5 Native Plants For Shade
The catalogs made me do it. My intention was to add only a few new plants this spring. But then the catalogs came. Before I go to sleep, I like to leaf through the garden catalogs. I find it soothing, and I told myself I was only looking. There’s no harm in looking.
But after they were put aside, the catalogs whispered to me. They reminded me that I still had holes to fill in the shady back garden: Along the south wall of the back porch, along the hedge to the west and the fence to the east, not to mention the fence along the alley. This was especially the case in areas that were filled with spring ephemerals in April and May, but then left rather forlorn for summer.
No gardener can long withstand the enticements of whispering plant catalogs. And so I ended up giving in, and ordered a whole bunch of new plants, including the following:
Marsh Phlox (Phlox glabberima). I don’t have a lot of Phlox – just a couple of clumps of the white-flowering cultivar ‘David’. This species likes moisture, as the name suggests, and it is supposed to be quite shade tolerant, and mildew tolerant as well. I’m going to try it in the border along the back porch, where the soil tends to be quite moist. I’m hoping it will bring more hummingbirds for our viewing pleasure. Native from Ohio to Illinois, and from Georgia to Arkansas.
Culver’s Root (Veronicastrum virginiana). This is the white-flowering straight species. I have a lavender cultivar in the Driveway Border out front. The straight species is very adaptable as to soil and sunlight. It blooms in summer, so I’m going to plant it along the west hedge, among the ‘Purple Sensation’ Alliums that flower in May and then gradually collapse. Native from Connecticut to Minnesota, south to Arkansas.
Poke Milkweed (Asclepias exaltata). This is a Milkweed that tolerates full shade. It’s not what I would call a beautiful plant, but it’s interesting – and hey, anything for the Monarchs. It has a taproot, so it’s not an aggressive spreader. We’ll see how it does. Native from Maine to Minnesota, and south along the Appalachians to Tennessee.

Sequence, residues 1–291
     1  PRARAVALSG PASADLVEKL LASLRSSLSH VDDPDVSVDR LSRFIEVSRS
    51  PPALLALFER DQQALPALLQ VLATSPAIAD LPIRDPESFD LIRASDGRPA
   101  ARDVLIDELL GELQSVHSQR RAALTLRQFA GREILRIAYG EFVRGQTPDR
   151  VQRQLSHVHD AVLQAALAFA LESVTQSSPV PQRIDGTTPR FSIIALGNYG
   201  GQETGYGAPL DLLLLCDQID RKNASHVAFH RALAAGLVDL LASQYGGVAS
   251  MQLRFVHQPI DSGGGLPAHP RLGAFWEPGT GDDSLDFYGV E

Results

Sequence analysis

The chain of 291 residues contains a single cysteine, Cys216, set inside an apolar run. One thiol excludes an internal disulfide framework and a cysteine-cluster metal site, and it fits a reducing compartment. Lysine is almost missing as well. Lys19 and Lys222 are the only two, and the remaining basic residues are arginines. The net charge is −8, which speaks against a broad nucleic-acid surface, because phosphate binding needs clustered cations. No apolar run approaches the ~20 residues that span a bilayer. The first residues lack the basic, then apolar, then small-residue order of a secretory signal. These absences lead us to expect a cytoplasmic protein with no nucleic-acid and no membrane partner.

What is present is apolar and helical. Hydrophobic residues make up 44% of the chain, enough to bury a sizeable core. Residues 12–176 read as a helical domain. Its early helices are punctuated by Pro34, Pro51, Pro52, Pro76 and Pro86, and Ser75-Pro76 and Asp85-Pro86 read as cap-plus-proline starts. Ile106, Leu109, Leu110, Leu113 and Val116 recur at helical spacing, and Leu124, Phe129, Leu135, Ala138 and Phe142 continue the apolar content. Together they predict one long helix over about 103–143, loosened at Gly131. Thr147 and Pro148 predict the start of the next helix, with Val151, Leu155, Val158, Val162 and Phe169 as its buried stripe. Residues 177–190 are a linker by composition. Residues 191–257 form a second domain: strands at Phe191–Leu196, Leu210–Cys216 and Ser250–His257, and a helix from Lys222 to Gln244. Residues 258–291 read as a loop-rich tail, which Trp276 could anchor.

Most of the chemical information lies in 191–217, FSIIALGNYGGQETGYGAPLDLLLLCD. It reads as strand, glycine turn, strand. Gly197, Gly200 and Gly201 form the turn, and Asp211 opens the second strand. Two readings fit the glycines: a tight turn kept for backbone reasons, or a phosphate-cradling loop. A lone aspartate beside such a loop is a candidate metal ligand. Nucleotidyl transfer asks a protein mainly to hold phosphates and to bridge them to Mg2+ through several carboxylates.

Golden Groundsel (Packera aurea). This is a groundcover-type plant that is also highly adaptable in terms of shade and soil – however, it doesn’t like overly dry conditions. I’m going to try it along the back fence near the ‘Golden Raindrops’ crabapple. It has bright yellow flowers in late spring and early summer. Native from Maine to Minnesota and from South Carolina to Oklahoma.
Mistflower (Eupatoreum coelestinum). I tried and failed once already with this plant, so this is a second effort. Mistflower blooms look like the blue annual Floss Flower (Ageratum houstonianum). A plant that likes moisture, I think my first effort failed because I put it where it was too shady and the soil dried out in summer. Mistflower likes partial shade, but not full. It spreads by rhizome if happy, and can form a groundcover – though it grows up to 3′ tall. I’m going to put it with the Marsh Phlox by the back porch. Native from Pennsylvania to Illinois, and from Florida to Texas.
I ordered all of these plants from Prairie Nursery. And now I’m done – no more new plants for this spring. At least, no more plants for shade. Definitely no more for moist shade. I mean it.